By Darren Smith, Weekend Contributor
In yet another example of insensitive, zero-tolerance approaches, school faculty members of Wichita East High in Wichita, Kansas reportedly compelled a special needs student athlete having both Down syndrome and autism to remove a varsity letter his mother bought for him. He was given instead a girl’s sweater to wear.
School officials stated he could not wear the varsity letter because he was not a member of the varsity team. Apparently they were forced to act upon this transgression because “one parent complained” and therefore no exception could be made for this student.
Nineteen year old Michael Kelley participates in extra-curricular basketball. His family bought him a varsity letter similar to what other students at the high school wear as a tribute to honor his athletic achievements.
Michael’s mother, Jolinda Kelley, says her adopted son is one of a kind and loves to play basketball. When Michael was recognized by the school for participating in the special needs team, she bought a varsity letter and sewed it to his jacket. She was shocked to learn he was asked by the school to take off the jacket.
The letter of the law seems to apply strictly to varsity letters.
Wichita East High School Principal Ken Thiessen in an interview with KSN news: “Teachers told the parents they would prefer he not wear the letter on his jacket.”
When asked if the school would consider giving a varsity letter to special needs students he replied:
“We have considered it, and our decision was no. We decided that is not appropriate in our situation because it is not a varsity level competition.”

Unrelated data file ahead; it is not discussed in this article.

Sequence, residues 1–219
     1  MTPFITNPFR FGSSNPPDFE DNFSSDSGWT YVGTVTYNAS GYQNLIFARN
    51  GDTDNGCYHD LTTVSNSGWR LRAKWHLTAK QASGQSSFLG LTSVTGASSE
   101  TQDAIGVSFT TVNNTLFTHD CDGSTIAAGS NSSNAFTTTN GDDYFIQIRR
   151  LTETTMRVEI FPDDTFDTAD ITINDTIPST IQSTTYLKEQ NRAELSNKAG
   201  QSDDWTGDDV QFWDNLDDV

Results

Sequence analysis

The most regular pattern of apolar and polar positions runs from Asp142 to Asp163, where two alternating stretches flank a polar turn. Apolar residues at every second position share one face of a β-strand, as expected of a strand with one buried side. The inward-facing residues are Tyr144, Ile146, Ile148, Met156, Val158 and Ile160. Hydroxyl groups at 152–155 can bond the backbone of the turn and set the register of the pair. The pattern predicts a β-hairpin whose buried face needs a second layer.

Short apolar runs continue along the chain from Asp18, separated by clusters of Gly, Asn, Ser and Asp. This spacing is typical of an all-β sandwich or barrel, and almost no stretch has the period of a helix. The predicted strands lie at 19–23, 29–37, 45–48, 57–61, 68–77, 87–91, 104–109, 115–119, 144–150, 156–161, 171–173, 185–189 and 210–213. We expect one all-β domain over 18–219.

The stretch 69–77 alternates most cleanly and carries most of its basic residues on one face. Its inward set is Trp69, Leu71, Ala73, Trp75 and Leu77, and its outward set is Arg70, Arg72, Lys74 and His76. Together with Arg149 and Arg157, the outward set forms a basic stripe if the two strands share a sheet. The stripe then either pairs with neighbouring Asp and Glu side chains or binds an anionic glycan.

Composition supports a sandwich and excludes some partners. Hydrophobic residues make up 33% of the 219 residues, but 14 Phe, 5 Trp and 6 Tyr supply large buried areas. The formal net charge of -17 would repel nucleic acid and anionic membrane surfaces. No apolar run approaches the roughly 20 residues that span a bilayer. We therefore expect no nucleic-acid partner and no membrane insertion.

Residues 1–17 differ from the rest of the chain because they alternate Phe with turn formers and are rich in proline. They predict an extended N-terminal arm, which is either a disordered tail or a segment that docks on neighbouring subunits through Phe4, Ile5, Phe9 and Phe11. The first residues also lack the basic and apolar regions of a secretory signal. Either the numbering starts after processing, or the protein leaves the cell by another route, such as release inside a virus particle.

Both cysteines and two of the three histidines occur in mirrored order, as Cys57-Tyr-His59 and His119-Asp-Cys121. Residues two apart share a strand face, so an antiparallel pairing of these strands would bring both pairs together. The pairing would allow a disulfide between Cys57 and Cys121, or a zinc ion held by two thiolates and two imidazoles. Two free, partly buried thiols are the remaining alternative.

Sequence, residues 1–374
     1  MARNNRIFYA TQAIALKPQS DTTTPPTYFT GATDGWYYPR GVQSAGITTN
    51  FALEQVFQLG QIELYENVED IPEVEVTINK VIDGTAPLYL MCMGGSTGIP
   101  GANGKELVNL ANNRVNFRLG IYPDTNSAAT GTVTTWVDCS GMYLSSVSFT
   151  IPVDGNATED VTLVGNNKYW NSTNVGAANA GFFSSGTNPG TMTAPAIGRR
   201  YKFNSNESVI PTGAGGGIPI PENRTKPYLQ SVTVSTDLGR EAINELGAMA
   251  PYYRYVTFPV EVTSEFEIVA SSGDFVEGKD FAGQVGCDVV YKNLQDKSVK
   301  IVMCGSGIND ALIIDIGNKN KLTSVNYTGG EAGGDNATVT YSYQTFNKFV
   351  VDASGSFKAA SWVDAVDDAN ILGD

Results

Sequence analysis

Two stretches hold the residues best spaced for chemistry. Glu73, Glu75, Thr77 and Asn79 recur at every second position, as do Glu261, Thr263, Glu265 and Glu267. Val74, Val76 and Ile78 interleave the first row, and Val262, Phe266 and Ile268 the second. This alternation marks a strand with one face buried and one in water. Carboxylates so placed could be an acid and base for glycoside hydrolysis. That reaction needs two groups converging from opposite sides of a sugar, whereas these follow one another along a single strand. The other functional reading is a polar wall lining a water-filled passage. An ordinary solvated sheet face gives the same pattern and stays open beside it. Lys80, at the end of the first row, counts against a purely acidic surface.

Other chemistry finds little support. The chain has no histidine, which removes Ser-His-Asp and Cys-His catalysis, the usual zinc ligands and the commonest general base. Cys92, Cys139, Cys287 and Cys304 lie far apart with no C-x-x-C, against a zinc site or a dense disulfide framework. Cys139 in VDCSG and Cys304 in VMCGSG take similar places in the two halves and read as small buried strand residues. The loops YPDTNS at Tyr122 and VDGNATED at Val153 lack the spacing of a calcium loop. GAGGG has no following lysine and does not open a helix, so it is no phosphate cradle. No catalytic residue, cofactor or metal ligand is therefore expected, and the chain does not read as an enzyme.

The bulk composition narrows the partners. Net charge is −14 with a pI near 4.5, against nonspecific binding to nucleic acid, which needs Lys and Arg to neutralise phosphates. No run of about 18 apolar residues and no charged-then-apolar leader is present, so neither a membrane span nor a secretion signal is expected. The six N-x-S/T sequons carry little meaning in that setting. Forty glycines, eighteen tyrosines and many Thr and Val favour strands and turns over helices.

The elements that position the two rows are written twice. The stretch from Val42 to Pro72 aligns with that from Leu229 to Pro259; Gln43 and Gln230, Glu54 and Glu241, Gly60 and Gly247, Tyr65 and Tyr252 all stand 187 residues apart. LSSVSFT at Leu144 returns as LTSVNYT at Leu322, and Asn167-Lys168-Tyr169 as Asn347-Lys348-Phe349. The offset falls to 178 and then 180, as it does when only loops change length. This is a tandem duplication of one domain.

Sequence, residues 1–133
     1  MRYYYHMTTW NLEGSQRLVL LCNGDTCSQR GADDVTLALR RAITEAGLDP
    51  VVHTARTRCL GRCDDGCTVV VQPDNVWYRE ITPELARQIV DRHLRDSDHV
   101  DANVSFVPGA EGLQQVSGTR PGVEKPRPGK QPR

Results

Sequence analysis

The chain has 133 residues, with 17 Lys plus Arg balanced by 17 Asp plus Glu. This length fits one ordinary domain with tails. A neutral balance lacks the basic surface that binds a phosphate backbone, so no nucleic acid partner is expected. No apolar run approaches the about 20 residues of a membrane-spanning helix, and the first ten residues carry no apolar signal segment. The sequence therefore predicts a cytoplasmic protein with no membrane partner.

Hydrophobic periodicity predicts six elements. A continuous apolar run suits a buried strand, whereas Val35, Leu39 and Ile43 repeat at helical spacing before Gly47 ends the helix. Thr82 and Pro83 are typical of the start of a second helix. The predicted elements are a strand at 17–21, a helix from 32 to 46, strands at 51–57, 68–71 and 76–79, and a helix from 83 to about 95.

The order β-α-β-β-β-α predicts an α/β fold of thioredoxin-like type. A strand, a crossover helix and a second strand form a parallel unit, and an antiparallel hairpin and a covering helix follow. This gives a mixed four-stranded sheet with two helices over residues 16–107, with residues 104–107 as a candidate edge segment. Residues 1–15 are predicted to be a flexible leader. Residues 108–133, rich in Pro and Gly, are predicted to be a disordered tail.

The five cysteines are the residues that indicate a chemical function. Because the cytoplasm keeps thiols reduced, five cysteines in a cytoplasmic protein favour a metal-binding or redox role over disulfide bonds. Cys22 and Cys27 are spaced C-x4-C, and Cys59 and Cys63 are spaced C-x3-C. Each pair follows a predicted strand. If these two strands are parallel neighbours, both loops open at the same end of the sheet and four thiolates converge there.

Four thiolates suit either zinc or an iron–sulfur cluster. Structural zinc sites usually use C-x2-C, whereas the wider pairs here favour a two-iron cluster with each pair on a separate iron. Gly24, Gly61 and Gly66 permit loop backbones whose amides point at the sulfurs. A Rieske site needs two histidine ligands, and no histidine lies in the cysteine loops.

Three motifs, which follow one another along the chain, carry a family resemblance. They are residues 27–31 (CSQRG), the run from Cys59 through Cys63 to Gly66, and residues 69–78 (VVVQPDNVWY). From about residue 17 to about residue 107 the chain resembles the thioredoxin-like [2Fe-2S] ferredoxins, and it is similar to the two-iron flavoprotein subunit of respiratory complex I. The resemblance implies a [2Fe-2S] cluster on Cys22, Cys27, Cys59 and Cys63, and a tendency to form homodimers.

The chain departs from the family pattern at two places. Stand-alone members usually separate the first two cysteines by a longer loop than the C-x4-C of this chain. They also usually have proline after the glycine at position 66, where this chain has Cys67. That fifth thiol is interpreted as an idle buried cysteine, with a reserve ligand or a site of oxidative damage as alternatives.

KSN discovered this was not a district-wide policy. The high school seemed to be acting on its own accord.
Jolinda says she understands each school can make the rules, but she wants to see a change.
“It’s not just my son. It’s every student that was out there last night. It’s every student that’s there on Fridays that plays their hardest and to the best of their capability regardless what that is.”
The question remains as to why a varsity letter is such a hallowed emblem that it cannot be tarnished by having someone wearing one who is not a member of the athletic club. Free speech issues aside, how about showing some compassion or at least looking the other way? It is doubtful the majority of students themselves would act with such rigidity to Michael’s choice to wear a letterman jacket.
But if rules must be followed regarding uniforms those with special needs cannot participate in the Police Chief / Sheriff For a Day programs because those kids are not true law enforcement officers.
Now that this has hit the national news media, the administration of Wichita East High School will soon be tempest-tossed by the media storm on the horizon.
By Darren Smith
Detroit Free Press, Photo Credit
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